Ironically, it was the Assad tyranny itself that had summoned those furies in its campaign against the American war in Iraq. It had provided transit and sanctuary for jihadists who crossed into Iraq to do battle against the Americans and the Shiites; it even released its own Islamist prisoners and dispatched them to Iraq with the promise of pardon. Now the chickens have come home to roost, and an Alawite community beyond the bounds of Islam is facing a religious war in all but name.
This schism cannot be viewed with American indifference. It is an inescapable fate that the U.S. is the provider of order in that region. We can lend a hand to the embattled Syrians or risk turning Syria into a devil's playground of religious extremism. Syria can become that self-fulfilling prophesy: a population abandoned by the powers but offered false solace and the promise of redemption by the forces of extremism and ruin.
We make much of the "opaqueness" of the Syrian rebellion and the divisions within its leadership. But there is no great mystery that attends this rebellion: An oppressed people, done with a tyranny of four decades, was stirred to life and conquered its fear after witnessing the upheaval that had earlier overtaken Tunisia, Egypt, Libya and Yemen.
In Istanbul this month, I encountered the variety, and the normalcy, of this rebellion in extended discussions with prominent figures of the Syrian National Council. There was the senior diplomat who had grown weary of being a functionary of so sullied a regime. There was a businessman of means, from Aleppo, who was drawn into the opposition by the retrogression of his country.
There was a young prayer leader, from Banyas, on the Syrian coast, who had taken up the cause because the young people in his town had pressed him to speak a word of truth in the face of evil. Even the leader of the Muslim Brotherhood, Riad al-Shaqfa, in exile for three decades, acknowledged the pluralism of his country and the weakness of the Brotherhood, banned since 1980.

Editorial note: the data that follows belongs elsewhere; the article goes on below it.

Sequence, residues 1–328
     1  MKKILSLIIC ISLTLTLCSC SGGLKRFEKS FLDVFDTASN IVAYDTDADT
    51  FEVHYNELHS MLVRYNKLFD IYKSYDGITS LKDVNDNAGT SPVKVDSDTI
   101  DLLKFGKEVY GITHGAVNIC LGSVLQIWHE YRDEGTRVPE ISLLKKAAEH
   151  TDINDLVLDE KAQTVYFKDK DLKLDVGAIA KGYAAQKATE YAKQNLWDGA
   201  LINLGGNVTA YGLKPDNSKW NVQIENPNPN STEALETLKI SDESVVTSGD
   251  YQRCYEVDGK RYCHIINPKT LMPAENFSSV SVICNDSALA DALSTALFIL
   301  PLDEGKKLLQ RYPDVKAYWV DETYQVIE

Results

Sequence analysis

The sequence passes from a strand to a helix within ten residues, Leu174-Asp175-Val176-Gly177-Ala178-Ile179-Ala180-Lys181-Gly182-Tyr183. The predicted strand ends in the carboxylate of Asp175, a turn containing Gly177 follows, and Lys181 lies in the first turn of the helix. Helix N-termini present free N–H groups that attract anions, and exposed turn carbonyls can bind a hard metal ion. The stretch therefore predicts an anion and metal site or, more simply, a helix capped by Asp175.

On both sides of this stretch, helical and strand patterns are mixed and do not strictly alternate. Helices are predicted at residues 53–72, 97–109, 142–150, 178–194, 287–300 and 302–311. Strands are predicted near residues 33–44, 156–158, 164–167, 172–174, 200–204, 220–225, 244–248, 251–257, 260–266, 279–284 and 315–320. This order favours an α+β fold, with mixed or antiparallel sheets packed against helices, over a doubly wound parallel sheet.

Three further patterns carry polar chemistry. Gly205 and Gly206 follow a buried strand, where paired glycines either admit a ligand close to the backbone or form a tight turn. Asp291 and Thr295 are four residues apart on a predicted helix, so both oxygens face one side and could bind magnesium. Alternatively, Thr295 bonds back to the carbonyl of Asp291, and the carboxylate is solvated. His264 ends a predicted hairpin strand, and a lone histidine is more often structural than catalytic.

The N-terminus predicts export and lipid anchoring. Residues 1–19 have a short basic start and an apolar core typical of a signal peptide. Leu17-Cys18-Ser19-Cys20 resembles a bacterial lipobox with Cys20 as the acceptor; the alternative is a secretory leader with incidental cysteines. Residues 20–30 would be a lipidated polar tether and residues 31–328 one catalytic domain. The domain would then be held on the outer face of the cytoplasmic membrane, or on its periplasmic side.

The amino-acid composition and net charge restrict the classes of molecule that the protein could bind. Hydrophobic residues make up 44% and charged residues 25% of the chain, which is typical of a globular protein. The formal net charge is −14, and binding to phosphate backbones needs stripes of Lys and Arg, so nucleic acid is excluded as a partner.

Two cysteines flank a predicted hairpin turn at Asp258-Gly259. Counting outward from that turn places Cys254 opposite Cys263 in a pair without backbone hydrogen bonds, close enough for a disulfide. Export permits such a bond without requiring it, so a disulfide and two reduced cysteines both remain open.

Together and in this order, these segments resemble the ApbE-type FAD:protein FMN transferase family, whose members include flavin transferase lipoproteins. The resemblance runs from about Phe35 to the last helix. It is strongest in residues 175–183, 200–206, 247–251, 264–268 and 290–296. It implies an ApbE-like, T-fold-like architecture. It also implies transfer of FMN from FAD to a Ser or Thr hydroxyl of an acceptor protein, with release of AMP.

We frighten ourselves with phantoms of our own making. No one is asking or expecting the U.S. Marines to storm the shores of Latakia. This Syrian tyranny is merciless in its battles against the people of Homs and Zabadani, but its army is demoralized and riven with factionalism and sectarian enmities. It could be brought down by defectors given training and weapons; safe havens could give disaffected soldiers an incentive, and the space, to defect.
Meanwhile, we should recognize the Syrian National Council as the country's rightful leaders. This stamp of legitimacy would embolden the opposition and give them heart in this brutal season. Such recognition would put the governments of Lebanon and Iraq on notice that they are on the side of a brigand, lawless regime. There is Arab wealth that can sustain this struggle, and in Turkey there is a sympathetic government that can join this fight under American leadership.
The world does not always oblige our desires for peace; some struggles are thrown our way and have to be taken up. In his State of the Union address last month, President Obama dissociated himself from those who preach the doctrine of America's decline.
Never mind that he himself had been a declinist and had risen to power as an exponent of America's guilt in foreign lands. We should take him at his word. In a battered Syria, a desperate people await America's help and puzzle over its leader's passivity.
Mr. Ajami is a senior fellow at Stanford University's Hoover Institution and co-chairman of the Working Group on Islamism and the International Order.